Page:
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- Health Unit Marks World AIDS Day on December 1 with Call for People to Learn the Facts and Get Tested -

At a time when one person in Canada is infected with HIV every three hours, the local Health Unit is joining with other health experts to try to set the clock back to zero.

‘Getting to Zero’ is the theme of World AIDS Day 2015, which is being marked globally on Tuesday (December 1). For local residents, World AIDS Day is an important moment to reflect on what has been achieved in the response to HIV/AIDS more than three decades after its onset, says Joanne Paynter, a Sexual Health Nurse with the Haliburton, Kawartha, Pine Ridge District Health Unit.

“Getting to zero is really what World AIDS Day represents… zero new HIV infections, zero discrimination towards people who may have the disease, and zero AIDs-related deaths,” Paynter says

The Public Health Agency of Canada describes HIV (Human Immunodeficiency Virus) as a virus that attacks the body’s immune system, resulting in a chronic, progressive illness that leaves people vulnerable to infections and cancers. When the body can no longer fight infection, the disease progresses to what is known as AIDS (or Acquired Immunodeficiency Syndrome). While treatment has made it possible for people to live longer with HIV, the fact remains there is still no cure and many Canadians with HIV/AIDS have and continue to die from the disease, Paynter notes. On average, it takes more than 10 years to progress from initial HIV infection to AIDS.

“We have made a lot of progress when it comes to public understanding, testing and treatment of HIV and AIDS, but obviously there is still much more to done,” she adds.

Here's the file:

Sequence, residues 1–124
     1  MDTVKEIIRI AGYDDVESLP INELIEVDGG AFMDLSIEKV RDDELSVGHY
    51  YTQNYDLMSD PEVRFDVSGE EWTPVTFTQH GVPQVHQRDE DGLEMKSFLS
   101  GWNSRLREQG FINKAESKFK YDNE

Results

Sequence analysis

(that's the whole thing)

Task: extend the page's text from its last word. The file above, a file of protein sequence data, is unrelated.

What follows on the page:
The Health Unit encourages local residents to be aware of the risks of HIV/AIDS by taking appropriate precautions and getting tested if they believe they may have become infected or put at risk. Some of the ways that HIV can be transmitted is through: unprotected sex with someone who is HIV positive (vaginal, anal or oral), sharing needles or equipment for injecting drugs, or using unsterilized needles for tattooing, skin piercing or acupuncture.

Local residents who want to be tested or find out more information about HIV and other sexually-transmitted infections can call the Health Unit at 1-866-888-4577, ext. 1205. All services are free and confidential.

Locally, the Health Unit reports one or two new HIV/AIDS cases each year in its area. According to CATIE, a Canadian organization that provides HIV and Hepatitis C information, there were an estimated 30,000 people living with HIV in Ontario in 2011. Approximately 1,400 new HIV infections were reported that same year.


For media inquiries, contact:

Joanne Paynter, Sexual Health Nurse, HKPR District Health Unit, (905) 885-9100 or 1-866-888-4577.

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«October 2018»